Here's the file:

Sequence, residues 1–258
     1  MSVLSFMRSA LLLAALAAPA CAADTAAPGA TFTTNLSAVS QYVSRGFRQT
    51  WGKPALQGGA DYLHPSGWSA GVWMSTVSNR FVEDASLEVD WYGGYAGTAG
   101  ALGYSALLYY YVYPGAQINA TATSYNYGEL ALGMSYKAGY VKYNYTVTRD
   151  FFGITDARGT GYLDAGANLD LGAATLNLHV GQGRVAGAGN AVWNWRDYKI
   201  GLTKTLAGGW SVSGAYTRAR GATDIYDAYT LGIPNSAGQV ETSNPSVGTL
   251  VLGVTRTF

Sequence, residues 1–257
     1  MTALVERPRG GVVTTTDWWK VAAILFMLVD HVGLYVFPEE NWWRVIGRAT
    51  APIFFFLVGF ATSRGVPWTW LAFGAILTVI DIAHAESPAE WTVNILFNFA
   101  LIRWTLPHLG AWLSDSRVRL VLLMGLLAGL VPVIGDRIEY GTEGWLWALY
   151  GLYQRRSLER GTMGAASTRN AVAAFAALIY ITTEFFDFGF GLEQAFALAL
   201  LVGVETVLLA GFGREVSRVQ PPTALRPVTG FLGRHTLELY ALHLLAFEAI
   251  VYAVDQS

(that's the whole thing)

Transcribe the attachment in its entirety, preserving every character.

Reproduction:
Sequence, residues 1–258
     1  MSVLSFMRSA LLLAALAAPA CAADTAAPGA TFTTNLSAVS QYVSRGFRQT
    51  WGKPALQGGA DYLHPSGWSA GVWMSTVSNR FVEDASLEVD WYGGYAGTAG
   101  ALGYSALLYY YVYPGAQINA TATSYNYGEL ALGMSYKAGY VKYNYTVTRD
   151  FFGITDARGT GYLDAGANLD LGAATLNLHV GQGRVAGAGN AVWNWRDYKI
   201  GLTKTLAGGW SVSGAYTRAR GATDIYDAYT LGIPNSAGQV ETSNPSVGTL
   251  VLGVTRTF

Sequence, residues 1–257
     1  MTALVERPRG GVVTTTDWWK VAAILFMLVD HVGLYVFPEE NWWRVIGRAT
    51  APIFFFLVGF ATSRGVPWTW LAFGAILTVI DIAHAESPAE WTVNILFNFA
   101  LIRWTLPHLG AWLSDSRVRL VLLMGLLAGL VPVIGDRIEY GTEGWLWALY
   151  GLYQRRSLER GTMGAASTRN AVAAFAALIY ITTEFFDFGF GLEQAFALAL
   201  LVGVETVLLA GFGREVSRVQ PPTALRPVTG FLGRHTLELY ALHLLAFEAI
   251  VYAVDQS